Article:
Columbia Journalism Review reporter Joel Meares has written a reasonable, fair-minded, occasionally amusing profile of Hollywood Elsewhere (and myself, of course). I don’t know what else to say except I’m glad that it’s balanced and kind and accurate and respectful. And not caustic or snippy. Thanks much to Awards Daily‘s Sasha Stone for saying all those nice, perceptive things.
I asked Meares to make two minor changes and he refused. I asked him to list a couple of other big names who read HE and he said “naahh.” Then I said it sounds more natural and conversational when you say “over and over again” instead of “over again,” which is how he quotes me in the piece: “[ComicCon is] catering to fanboys who want the same stories told over again.” He replied that “while I agree ‘over and over’ reads better, it’s not what you said when we spoke.” To which I responded, “I only used one ‘over’ in that portion of our chat and that‘s why you’re sticking with it? Seriously? Okay.”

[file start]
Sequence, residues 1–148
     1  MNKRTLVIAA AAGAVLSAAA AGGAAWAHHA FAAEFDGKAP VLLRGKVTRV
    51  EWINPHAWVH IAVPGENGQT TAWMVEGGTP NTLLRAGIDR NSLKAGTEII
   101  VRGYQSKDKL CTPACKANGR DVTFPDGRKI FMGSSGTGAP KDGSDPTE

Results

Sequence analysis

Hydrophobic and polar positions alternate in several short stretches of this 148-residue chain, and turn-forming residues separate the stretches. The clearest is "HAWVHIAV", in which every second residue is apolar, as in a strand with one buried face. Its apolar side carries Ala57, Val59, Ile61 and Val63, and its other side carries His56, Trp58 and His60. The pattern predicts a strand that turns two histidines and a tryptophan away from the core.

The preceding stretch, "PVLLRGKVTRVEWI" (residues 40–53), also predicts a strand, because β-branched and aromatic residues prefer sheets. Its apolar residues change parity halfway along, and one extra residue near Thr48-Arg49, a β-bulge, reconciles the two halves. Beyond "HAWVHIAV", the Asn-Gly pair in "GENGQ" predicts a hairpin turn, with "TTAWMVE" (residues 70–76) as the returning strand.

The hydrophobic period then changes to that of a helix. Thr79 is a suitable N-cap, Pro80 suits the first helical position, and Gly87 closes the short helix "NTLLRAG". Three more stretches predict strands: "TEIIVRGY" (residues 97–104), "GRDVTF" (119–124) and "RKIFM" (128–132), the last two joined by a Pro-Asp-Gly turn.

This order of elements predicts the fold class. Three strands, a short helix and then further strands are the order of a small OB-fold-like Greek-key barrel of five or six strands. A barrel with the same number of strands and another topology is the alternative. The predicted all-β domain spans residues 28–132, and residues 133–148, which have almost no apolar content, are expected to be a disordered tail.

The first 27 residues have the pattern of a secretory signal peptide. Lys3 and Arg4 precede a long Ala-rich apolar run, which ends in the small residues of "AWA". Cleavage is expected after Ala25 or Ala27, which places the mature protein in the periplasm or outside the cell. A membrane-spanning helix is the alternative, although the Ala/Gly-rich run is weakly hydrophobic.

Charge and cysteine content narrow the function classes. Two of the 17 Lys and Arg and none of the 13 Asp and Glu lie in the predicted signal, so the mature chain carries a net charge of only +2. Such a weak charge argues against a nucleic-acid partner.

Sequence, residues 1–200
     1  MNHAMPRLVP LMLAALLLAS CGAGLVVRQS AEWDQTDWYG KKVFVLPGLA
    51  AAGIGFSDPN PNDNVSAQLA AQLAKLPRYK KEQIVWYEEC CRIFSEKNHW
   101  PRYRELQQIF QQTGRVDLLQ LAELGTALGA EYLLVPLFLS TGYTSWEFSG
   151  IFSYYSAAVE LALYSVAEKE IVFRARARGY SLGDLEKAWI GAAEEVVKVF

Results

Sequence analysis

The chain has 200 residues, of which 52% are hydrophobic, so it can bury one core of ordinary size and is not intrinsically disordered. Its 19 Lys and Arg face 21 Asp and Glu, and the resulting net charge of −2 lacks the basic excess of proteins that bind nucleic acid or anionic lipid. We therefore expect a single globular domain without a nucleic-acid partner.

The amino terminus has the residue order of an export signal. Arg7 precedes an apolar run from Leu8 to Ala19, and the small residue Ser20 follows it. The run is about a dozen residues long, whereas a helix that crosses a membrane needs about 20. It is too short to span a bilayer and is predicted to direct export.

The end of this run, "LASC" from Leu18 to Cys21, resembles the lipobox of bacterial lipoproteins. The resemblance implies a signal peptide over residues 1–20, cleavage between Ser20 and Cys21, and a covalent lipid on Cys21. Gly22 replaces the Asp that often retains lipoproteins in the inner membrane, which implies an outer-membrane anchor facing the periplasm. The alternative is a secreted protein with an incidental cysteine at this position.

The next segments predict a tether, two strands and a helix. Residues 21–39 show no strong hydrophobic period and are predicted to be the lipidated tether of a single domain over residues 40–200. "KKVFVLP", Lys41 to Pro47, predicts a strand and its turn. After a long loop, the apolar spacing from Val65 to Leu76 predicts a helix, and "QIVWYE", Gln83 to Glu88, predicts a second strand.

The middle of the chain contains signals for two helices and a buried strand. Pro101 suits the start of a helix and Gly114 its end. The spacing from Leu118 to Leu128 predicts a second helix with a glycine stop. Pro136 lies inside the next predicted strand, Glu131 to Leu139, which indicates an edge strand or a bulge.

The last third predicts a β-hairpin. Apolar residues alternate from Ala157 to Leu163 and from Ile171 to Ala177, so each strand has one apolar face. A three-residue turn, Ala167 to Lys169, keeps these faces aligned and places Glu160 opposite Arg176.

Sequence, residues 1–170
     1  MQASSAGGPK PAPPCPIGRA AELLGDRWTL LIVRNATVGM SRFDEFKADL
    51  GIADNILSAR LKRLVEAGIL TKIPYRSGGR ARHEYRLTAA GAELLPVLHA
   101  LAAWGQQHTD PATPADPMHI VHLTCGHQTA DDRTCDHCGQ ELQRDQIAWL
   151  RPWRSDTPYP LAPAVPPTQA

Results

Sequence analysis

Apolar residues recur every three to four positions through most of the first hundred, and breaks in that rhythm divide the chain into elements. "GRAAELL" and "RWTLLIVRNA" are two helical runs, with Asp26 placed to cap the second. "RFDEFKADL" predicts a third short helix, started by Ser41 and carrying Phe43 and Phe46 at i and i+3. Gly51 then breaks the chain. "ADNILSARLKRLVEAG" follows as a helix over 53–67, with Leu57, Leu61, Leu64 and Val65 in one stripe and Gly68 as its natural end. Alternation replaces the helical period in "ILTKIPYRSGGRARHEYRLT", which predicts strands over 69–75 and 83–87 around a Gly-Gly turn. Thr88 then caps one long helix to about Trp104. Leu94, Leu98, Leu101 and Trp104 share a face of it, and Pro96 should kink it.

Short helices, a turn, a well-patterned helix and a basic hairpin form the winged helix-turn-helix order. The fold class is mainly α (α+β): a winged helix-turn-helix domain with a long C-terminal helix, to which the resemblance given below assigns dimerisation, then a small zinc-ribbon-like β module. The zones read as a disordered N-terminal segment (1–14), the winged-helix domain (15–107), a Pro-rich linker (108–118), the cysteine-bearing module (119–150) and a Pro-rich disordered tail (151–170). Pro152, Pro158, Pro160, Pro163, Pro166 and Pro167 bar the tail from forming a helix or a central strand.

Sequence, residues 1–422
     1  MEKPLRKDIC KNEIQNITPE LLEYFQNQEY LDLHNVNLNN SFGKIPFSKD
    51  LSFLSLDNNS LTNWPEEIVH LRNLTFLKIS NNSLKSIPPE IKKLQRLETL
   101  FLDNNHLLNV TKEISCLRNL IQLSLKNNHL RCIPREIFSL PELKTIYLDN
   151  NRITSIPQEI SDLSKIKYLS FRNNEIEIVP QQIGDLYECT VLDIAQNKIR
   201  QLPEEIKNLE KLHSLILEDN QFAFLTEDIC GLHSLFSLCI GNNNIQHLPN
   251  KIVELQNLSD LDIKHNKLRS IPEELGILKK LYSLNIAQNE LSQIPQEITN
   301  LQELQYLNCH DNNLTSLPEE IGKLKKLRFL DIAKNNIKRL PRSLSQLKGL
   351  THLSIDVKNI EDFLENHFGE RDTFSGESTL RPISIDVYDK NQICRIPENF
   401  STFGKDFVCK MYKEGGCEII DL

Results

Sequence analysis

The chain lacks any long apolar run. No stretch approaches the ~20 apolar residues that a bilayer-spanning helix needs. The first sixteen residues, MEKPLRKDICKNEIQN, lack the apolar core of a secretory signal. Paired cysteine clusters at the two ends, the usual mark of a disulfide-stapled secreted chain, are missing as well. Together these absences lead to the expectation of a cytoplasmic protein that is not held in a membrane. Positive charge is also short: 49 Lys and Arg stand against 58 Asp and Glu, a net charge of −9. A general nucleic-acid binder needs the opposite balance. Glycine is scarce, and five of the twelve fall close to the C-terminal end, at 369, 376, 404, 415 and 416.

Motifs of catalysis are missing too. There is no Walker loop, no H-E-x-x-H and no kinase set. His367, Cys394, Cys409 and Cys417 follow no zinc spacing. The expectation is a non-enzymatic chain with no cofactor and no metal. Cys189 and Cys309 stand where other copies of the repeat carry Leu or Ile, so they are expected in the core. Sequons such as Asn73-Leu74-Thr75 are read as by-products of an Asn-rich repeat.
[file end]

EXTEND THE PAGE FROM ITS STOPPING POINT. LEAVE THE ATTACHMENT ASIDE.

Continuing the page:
This is what some hardcore journalists are like. If you’re talking to an interviewer about Sarah Palin and you mistakenly call her Sarah Kalin, they’ll write in the piece “he called her Sarah Kalin, although he was obviously referring to the Alaskan rightwing celebrity-politician.”
Favorite passage: “The stories about bad WiFi service, split pants, and appropriate modulation may turn some off, but if you stick with him, Wells’s Hollywood Elsewhere is a brash, fun read. You might even come to like the man grinning at the top of the page. ‘I really think the personal stuff is what makes his blog so compelling,’ argues Stone. ‘He puts out a good picture of his world — he comes off as an imperfect person –his readers feel protective of him and can relate to him. When they click on the page they are stepping into his virtual world. No one else in our field really offers that.”